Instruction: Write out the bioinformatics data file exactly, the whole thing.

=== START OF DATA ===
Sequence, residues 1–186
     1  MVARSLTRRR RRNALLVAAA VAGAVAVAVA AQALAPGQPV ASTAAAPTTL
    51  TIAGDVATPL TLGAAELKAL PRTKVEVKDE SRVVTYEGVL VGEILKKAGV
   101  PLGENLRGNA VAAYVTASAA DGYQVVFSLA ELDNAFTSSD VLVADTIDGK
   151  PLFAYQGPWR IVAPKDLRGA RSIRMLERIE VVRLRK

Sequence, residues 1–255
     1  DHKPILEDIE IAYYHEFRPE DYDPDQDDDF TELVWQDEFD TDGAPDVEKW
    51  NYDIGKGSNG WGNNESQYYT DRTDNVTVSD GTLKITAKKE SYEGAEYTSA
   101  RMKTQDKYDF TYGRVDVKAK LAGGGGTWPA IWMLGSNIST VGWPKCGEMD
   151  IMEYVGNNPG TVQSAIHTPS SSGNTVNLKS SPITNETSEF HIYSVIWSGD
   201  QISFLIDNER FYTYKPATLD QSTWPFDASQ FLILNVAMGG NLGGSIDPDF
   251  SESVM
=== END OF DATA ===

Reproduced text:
Sequence, residues 1–186
     1  MVARSLTRRR RRNALLVAAA VAGAVAVAVA AQALAPGQPV ASTAAAPTTL
    51  TIAGDVATPL TLGAAELKAL PRTKVEVKDE SRVVTYEGVL VGEILKKAGV
   101  PLGENLRGNA VAAYVTASAA DGYQVVFSLA ELDNAFTSSD VLVADTIDGK
   151  PLFAYQGPWR IVAPKDLRGA RSIRMLERIE VVRLRK

Sequence, residues 1–255
     1  DHKPILEDIE IAYYHEFRPE DYDPDQDDDF TELVWQDEFD TDGAPDVEKW
    51  NYDIGKGSNG WGNNESQYYT DRTDNVTVSD GTLKITAKKE SYEGAEYTSA
   101  RMKTQDKYDF TYGRVDVKAK LAGGGGTWPA IWMLGSNIST VGWPKCGEMD
   151  IMEYVGNNPG TVQSAIHTPS SSGNTVNLKS SPITNETSEF HIYSVIWSGD
   201  QISFLIDNER FYTYKPATLD QSTWPFDASQ FLILNVAMGG NLGGSIDPDF
   251  SESVM